~Many people are concerned with the popularity of the exam, saying that the craze for the civil servant examination will block the development of society, a charge that is denied by Nie Shengkui, director of the examination and the recruitment department of the State Administration of Civil Service (SACS). He said it is commonplace for a country's government to lure talent into its civil service.
~Nie thinks about the issue as the director of the civil servant examination and perhaps overlooks the trend that the number of applicants has increased 16 times since 2003 to 1.41 million.
~What's behind the popularity of the civil servant examinations and what negative effects will it bring to the long-term development of society?
~Civil service provided by public servants does not produce any social property and wealth. The growth of wealth depends on the setup of business and accumulative innovative efforts. If a large amount of talented people swarm to work in government, who will create societal wealth?
~Many talented people rushed to get government jobs not because they are relatively low risk and well paid, but for the fact that the position includes the power to control many resources and the distribution of resources, a power that means citizens can barely set up their own businesses.
~Moreover, civil servants have a lot of opportunity for "hidden income" (rewards they receive by taking advantage of their position).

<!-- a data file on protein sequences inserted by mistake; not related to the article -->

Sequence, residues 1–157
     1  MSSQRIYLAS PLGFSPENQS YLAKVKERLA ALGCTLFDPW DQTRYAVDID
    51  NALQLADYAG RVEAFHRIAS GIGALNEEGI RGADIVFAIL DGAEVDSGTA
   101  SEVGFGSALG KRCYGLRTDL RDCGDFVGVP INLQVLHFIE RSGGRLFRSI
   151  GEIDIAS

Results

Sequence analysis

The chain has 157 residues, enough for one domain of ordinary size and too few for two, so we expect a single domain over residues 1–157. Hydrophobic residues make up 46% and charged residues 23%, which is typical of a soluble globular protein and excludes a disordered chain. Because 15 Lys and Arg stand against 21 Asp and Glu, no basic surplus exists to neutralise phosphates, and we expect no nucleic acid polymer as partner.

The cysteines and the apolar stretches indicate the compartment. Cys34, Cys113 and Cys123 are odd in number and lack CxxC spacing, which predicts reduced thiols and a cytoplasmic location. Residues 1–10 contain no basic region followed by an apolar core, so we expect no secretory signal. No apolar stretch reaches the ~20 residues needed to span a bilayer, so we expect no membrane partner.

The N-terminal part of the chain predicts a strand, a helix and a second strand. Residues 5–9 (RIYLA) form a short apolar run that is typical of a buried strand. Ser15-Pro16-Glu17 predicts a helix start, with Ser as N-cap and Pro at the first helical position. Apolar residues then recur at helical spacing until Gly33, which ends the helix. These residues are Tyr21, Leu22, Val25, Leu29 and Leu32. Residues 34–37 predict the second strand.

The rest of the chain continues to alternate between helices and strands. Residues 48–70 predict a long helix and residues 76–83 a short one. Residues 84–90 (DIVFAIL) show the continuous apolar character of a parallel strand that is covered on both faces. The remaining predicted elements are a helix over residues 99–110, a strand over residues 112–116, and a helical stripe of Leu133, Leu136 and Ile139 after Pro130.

Original article: [Chinese]

Tax Reform Should Focus on Reducing Tax Burden
By Yi Peng 易鹏, Financial Commentator
Economic Observer Online
~ Earlier this week, the head of a research office under the State Administration of Taxation advocated for tax reform in a speech given to an international forum. Among other things, he argued that China's income from financial tax is still a little low.
~ China's current tax system is based on the series of reforms introduced in 1994 aimed at increasing revenue and also the proportion of revenue collected by the central government. By 2009, fiscal income amounted to more than 20 percent of the country's GDP and the proportion of central government revenue as a total of national revenue has also grown steadily. From this perspective, the '94 tax reforms have achieved their goals.
~ But new problems have since emerged. The biggest problem is that the various levels of local government lack the revenue to cover the costs of the services and infrastructure they're expected to provide - this has helped contribute to the swift rise in housing prices as local governments turn to leasing land-use rights as their primary source of income. In 2009, governments nationwide sold a total of over 1.4 trillion yuan worth of land-use rights.
~ A second problem is that ordinary tax payers feel that their personal tax burden is too high. The current tax system can be decribed as having a "broad tax base with high tax rates." High tax rates squeeze the income of both enterprises and the common people. If nothing is done to change the situation, the phenomena of a rich state with poor citizens could continue to worsen.
~ The four principles that we should follow when considering any tax reform are a simplified system, broader tax base, lower rate of tax and stricter tax collection.
~ If we follow these principles, the long term trend will be for a gradual reduction in taxes.
~ Finally, transparency in the tax system is the key to tax reform; or the reform will never be significant.
Original article: [Chinese]